Reducing the Spread of Fish Pathogens
Like all animals, fish are susceptible to a variety of environmental, nutritional, and infectious diseases. If left untreated, these diseases can often lead to death. Infectious diseases, those caused by pathogens—organisms such as parasites, bacteria, or viruses— are of special concern because they can be easily spread to other fish within a hatchery, to another hatchery during fish transfers, or to wild populations if infected fish are released.
One or more pathogens may be present in a fish population without causing disease. However, placing a fish into a stressful situation can lower their resistance to disease, leading to an outbreak. Situations stressful to fish are common in the fish hatchery environment, including fluctuating water temperature, changes in water quality, overcrowding, handling, and transport. While fish can handle these stresses to a degree, prolonged stressful conditions may lead to an outbreak. Fish health center staff work hatchery personnel to decrease stressful conditions in order to prevent disease outbreaks from occurring. If a pathogen has been detected, or an outbreak occurs, fish health center personnel may recommend treatments such as vaccines, antibiotics, or chemotheraputants.
Fish Health Inspections
As its primary responsibility, the La Crosse FHC conducts fish health inspections at each of the six national fish hatcheries in the Midwest Region twice annually. The inspections serve as a method for early detection of pathogens and help to ensure that pathogens are not present before fish are transferred to another hatchery or released into the wild. The center also conducts once-annual inspections at four tribal fish hatcheries located in Michigan, Minnesota, and Wisconsin.
To conduct a fish health inspection, staff from the La Crosse Fish Health Center travel to the fish hatchery being inspected to observe the fish for any indication that disease is present, and to collect various tissue samples from fish at the hatchery. Tissue samples collected during the on-site aspect of the inspection. The tissue samples are transported back to the Center’s laboratory in Onalaska, Wisconsin where they are screened for viral, bacterial, and parasitic fish pathogens. Upon completion of the laboratory work, each hatchery receives an inspection report that lists what pathogens, if any, were found.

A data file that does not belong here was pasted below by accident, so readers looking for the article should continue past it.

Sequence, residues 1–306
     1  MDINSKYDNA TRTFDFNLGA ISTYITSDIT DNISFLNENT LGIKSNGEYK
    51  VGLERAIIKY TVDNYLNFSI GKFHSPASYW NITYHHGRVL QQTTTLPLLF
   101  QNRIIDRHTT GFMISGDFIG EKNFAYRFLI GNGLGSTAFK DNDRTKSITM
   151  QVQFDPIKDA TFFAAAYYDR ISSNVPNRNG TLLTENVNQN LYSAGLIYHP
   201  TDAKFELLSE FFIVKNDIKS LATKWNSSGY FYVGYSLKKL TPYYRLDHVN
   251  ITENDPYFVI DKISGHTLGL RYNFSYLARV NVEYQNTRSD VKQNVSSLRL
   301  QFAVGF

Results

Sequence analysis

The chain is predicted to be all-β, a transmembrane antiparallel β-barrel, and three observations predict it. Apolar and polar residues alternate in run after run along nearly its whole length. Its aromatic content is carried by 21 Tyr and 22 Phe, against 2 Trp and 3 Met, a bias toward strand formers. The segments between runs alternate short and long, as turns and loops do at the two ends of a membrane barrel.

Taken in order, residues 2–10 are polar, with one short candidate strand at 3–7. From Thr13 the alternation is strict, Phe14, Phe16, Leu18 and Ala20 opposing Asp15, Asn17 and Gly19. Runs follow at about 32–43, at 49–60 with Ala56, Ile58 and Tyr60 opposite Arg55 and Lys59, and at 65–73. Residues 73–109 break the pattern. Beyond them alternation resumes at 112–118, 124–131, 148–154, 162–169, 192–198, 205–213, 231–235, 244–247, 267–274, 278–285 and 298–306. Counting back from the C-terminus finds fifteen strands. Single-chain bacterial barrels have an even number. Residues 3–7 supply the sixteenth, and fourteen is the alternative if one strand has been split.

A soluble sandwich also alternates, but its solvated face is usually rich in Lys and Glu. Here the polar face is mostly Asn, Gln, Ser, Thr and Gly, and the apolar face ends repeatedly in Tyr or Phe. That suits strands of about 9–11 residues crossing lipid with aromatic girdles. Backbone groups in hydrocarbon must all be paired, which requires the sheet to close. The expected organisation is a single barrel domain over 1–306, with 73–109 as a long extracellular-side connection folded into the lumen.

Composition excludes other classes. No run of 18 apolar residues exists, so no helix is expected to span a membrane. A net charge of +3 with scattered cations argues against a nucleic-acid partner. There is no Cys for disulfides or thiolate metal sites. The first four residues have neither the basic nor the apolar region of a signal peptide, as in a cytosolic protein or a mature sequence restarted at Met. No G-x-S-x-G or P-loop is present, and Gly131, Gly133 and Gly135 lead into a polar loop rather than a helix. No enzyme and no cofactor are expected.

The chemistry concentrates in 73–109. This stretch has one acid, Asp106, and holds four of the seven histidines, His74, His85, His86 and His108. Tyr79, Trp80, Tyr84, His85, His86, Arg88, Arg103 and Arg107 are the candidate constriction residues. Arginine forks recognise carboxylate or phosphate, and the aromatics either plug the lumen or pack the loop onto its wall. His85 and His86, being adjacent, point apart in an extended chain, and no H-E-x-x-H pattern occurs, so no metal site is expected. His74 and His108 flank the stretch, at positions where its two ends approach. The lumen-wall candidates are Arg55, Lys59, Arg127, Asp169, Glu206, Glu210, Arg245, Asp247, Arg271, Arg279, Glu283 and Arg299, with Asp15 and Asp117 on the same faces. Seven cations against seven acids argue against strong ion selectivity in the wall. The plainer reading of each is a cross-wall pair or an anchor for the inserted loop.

Occasionally, fish at a hatchery will begin to show signs of disease. When such an event occurs, biologists at the hatchery will contact the La Crosse FHC to discuss their observations and to make arrangements to send live fish to the fish health center for diagnosis. Using the information obtained from the hatchery staff, their own observations, and laboratory test results, biologists at the La Crosse FHC are able to make a diagnosis and recommend a plan of action to control or limit the outbreak. Recommendations may include treatment with antibiotics, chemotheraputants, or changes in practices at the hatchery.
Wild Fish Health Survey
While it is not possible to eliminate pathogens from the wild, knowledge of where pathogens exist in the wild can serve as a valuable tool for fishery managers. The La Crosse Fish Health Center, along with the Service’s other eight fish health centers, began the Wild Fish Health Survey in 1997 to gather this information. Working closely with fishery management biologists from state, tribal, and federal agencies, the La Crosse FHC selects sites and species of management importance to sample for the survey. The survey uses standardized procedures to screen for select bacterial, viral, and parasitic pathogens. Results for the National Wild Fish Health Survey from the La Crosse Fish Health Center and the other eight fish health centers can be found at: http://www.fws.gov/wildfishsurvey/database/page/intro
Environmental DNA (eDNA) Surveillance
Environmental DNA refers to the genetic material that is shed by all organisms into the environment through feces, urine, and mucus. The Asian Carp Monitoring and Rapid Response Work Group (MRRWG), a sub-committee of the Asian Carp Regional Coordinating Committee (ACRCC), was developed to detect, monitor, and respond to the threat of Asian carp (Hypophthalmichtys spp.) in the Great Lakes. Through the creation of a new lab, the La Crosse Fish Health Center will be able to process eDNA samples for the presence or absence of Asian carp DNA.